Bestselling author Joe Konrath goes on a beer fast for thirty days to lose weight.

Monday, January 16, 2012

Day 15 - Part 1

During the day I had more kidney pain, though it was mild.

When I began this diet, my uric acid levels were slightly elevated. My guess is they've always been elevated, which is why I had kidney stones in the past. While beer has been shown to increase uric acid in the body, can it alone be blamed for my kidney health? 

I dunno. But it was enough to make me think about what the purpose of this diet was, and why I'm doing it.

First and foremost, I want to lose weight. That's the main goal.

Second, I wanted to see what a beer-only diet does to a person for 30 days. But not to the degree that my health suffered in any large-scale way.

Third, I wondered if I could even do it. A month without food? Would I have the self-control?

This is hardly a scientific experiment, so I have no idea if my results are typical or atypical. There was no control, no large data pool, and I'm a subject with uric acid issues in the first place. I've lost 20 pounds in two weeks, but I also may be hurting myself.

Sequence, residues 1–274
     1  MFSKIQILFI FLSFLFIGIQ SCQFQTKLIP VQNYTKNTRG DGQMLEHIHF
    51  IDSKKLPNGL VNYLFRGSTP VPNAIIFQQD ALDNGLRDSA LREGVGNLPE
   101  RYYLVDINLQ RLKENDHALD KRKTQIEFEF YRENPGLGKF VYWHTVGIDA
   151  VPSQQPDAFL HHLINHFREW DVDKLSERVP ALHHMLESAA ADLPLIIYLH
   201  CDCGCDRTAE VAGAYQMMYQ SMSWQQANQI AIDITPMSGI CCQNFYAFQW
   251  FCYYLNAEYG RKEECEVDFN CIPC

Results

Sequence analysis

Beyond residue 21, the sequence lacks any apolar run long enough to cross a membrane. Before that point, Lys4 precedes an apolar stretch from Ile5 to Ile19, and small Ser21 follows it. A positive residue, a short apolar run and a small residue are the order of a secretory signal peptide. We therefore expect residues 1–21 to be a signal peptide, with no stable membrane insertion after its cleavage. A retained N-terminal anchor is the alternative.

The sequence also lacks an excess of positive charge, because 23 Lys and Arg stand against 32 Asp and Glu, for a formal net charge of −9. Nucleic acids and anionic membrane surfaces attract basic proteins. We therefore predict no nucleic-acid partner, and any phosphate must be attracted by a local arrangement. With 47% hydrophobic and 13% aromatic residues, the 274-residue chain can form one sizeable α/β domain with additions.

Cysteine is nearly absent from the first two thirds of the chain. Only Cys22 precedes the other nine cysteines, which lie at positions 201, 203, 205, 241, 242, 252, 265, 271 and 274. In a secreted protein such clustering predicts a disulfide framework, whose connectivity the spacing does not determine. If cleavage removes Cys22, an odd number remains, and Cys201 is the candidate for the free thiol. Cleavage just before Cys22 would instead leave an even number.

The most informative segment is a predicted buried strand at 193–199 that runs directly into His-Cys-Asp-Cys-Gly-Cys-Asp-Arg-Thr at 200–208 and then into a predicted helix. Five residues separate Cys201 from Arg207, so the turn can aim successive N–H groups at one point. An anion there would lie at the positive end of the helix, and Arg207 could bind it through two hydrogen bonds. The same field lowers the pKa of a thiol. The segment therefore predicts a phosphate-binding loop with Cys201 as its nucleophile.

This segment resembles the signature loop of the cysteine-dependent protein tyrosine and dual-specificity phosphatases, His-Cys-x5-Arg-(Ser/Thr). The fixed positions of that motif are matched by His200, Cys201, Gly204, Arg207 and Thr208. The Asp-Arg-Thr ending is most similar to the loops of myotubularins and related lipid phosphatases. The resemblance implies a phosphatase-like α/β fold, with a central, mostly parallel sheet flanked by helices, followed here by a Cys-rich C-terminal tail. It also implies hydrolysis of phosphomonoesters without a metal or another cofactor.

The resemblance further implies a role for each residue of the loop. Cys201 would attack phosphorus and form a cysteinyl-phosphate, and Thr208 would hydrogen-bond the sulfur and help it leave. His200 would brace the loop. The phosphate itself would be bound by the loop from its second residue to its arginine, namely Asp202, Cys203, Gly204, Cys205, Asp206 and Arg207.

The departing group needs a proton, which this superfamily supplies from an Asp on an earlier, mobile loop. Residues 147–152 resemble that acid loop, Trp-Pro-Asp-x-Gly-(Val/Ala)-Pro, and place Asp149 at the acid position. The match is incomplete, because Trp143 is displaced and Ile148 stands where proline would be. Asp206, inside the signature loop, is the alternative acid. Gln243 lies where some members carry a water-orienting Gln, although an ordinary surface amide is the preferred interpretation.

Along with the increased uric acid, I can visibly tell I'm losing muscle. And who knows what other internal problems are happening because I'm missing nutrients?

So I decided it was time to make a decision. Quit the diet, or modify it.

What ways could I modify?

Well, the first thing I obviously needed to do was reduce my uric acid. I DO NOT want kidney stones. 

A search of the internet and a quick trip to the vitamin store provided a few products touted to lower uric acid and improve kidney function. 

But before I get into that, it's worth knowing something about me. I'm a skeptic. As such, I'm not a fan of alternative medicine. I like to base my actions on hard data, not on anecdotal evidence. Alternative medicine is filled with anecdotes, hearsay, and loosey-goosey studies. That doesn't mean there may not be some truth to what certain supplements can do, but as far as I'm concerned the whole nutraceutical needs a LOT more scientific scrutiny.